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Class Reptilia
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brandon-baird
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Class Reptilia

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  1. Class Reptilia

  2. Kingdom AnimaliaPhylum ChordataSubphylum VertebrataClass ReptiliaOrder Squamata(lizards & snakes)Order Testudines(turtles & tortoises)Order Crocodilia(alligators & crocodiles)Order Sphenodonta(tuatara)

  3. Characteristics of Reptiles SCALES - Dry, scaly skin prevents loss of moisture and provides protection from predators.

  4. Amniotic Eggs Characteristics of Reptiles Reptiles lay amniotic eggs on land. Amniotic eggs enclose the embryo in amniotic fluid, provide a source of food in the yolk, and surround both the embryo and food with a protective, leathery shell. These structures prevent injury and dehydration of the embryo as it develops on land.

  5. Characteristics of Reptiles ECTOTHERMIC (cold-blooded) - Reptiles cannot regulate their body temperatures. Their temperature is dependant on the temperature of their environment.

  6. Characteristics of Reptiles LUNGS - Reptiles have lungs and so they cannot breathe underwater. Since they have dry, scaly skin, they cannot carry out gas exchange through their skin like amphibians.

  7. Characteristics of Reptiles Most reptiles have 3-chambered hearts. Some reptiles, like alligators and crocodiles, have 4-chambered hearts. The 4-chambered hearts separate the oxygen-rich and oxygen-poor blood. This provides more oxygen to the body’s cells, and therefore provides more energy to the animal.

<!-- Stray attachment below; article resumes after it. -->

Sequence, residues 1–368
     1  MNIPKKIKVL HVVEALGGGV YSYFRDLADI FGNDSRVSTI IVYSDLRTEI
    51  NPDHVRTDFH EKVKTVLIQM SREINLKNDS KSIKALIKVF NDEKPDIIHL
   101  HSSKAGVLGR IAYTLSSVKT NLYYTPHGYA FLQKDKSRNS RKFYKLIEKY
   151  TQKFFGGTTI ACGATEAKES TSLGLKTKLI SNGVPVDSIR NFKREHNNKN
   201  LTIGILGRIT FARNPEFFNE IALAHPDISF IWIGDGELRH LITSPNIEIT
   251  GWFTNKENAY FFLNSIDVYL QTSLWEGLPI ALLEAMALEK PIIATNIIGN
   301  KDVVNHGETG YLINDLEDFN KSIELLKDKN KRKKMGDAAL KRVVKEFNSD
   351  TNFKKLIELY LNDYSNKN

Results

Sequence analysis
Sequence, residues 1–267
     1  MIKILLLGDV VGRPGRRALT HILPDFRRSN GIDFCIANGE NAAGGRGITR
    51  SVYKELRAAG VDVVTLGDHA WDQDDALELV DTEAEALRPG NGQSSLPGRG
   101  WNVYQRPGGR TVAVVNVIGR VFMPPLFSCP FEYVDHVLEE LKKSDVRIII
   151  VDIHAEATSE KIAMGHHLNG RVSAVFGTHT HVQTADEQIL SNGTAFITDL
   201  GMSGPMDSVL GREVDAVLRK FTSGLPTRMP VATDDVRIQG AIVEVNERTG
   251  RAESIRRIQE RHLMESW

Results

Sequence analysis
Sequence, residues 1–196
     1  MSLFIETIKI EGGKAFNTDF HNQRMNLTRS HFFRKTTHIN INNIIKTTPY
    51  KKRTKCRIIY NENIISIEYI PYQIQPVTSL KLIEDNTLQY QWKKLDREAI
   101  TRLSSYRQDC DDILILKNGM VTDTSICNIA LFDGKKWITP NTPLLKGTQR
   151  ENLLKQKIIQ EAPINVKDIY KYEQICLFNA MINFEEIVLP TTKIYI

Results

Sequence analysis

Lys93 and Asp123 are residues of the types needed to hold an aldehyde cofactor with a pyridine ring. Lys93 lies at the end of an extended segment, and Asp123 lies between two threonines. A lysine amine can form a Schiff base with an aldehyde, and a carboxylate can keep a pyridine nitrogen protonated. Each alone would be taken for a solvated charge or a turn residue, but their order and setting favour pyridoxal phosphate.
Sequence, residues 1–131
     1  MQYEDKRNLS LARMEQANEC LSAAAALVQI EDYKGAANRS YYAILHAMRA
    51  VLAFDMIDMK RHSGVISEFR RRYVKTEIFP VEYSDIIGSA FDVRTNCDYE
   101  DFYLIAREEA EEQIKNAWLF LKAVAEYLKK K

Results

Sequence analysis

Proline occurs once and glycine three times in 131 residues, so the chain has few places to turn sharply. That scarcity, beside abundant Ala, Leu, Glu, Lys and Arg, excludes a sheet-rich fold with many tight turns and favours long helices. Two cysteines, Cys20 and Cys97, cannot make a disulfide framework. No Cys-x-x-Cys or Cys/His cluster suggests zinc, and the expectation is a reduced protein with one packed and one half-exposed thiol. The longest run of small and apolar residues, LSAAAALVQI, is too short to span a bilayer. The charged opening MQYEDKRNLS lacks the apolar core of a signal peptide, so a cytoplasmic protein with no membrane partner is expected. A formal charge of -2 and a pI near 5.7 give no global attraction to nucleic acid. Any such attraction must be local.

8. Reptiles have a variety of sense organs that help them to detect danger or food. Characteristics of Reptiles Some reptiles have heat-sensing organs. Some reptiles can pick up chemical molecules with their tongues and use their Jacobson’s organ to determine what they are sensing.

  9. Order Squamata (lizards and snakes) Komodo dragon

  10. Panther chameleon

  11. Leopard Gecko

  12. Eastern Diamondback Rattlesnake

  13. Green Python

  14. Corn snake – a non-aggressive, non-venomous snake that helps keep mice and rat populations under control.(thank you corn snakes!)

  15. Order Testudines (turtles & tortoises) Galapagos Tortoise

  16. Gopher Tortoise

  17. Eastern Box Turtle

  18. Sea Turtle

  19. Order Crocodilia (crocodiles & alligators) American Alligator

  20. Nile crocodile See the baby? --->

  21. Order Sphenodonta Tuatara: an ancient reptile from New Zealand that has teeth fused to the jaws and a very primitive skull. Most other reptiles like it died out over 100 million years ago!